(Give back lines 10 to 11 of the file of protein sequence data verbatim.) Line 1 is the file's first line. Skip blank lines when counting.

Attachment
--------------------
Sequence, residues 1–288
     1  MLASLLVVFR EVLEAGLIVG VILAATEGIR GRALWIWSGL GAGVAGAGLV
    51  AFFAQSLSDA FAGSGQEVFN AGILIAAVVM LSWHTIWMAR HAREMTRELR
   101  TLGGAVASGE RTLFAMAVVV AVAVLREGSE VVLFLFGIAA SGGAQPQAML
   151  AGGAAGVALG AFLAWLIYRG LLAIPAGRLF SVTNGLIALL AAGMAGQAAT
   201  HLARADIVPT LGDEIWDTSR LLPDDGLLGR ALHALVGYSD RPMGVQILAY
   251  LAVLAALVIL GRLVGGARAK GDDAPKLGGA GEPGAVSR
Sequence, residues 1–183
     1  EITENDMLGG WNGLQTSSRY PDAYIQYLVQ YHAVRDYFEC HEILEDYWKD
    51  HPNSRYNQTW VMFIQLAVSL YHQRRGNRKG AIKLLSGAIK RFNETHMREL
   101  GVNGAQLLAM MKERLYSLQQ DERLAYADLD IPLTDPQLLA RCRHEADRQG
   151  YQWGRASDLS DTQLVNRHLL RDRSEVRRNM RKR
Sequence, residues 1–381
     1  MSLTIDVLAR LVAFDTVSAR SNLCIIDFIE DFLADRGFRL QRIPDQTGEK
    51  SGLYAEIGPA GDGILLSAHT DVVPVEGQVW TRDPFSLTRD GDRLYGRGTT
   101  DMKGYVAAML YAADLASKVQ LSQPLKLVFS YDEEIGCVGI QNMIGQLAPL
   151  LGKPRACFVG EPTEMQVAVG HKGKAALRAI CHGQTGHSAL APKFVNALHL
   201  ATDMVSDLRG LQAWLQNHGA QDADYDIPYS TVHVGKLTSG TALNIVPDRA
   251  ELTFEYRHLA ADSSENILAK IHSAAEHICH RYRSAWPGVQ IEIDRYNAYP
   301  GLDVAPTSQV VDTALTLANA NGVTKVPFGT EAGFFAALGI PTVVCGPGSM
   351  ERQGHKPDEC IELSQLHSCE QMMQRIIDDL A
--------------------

    51  HPNSRYNQTW VMFIQLAVSL YHQRRGNRKG AIKLLSGAIK RFNETHMREL
   101  GVNGAQLLAM MKERLYSLQQ DERLAYADLD IPLTDPQLLA RCRHEADRQG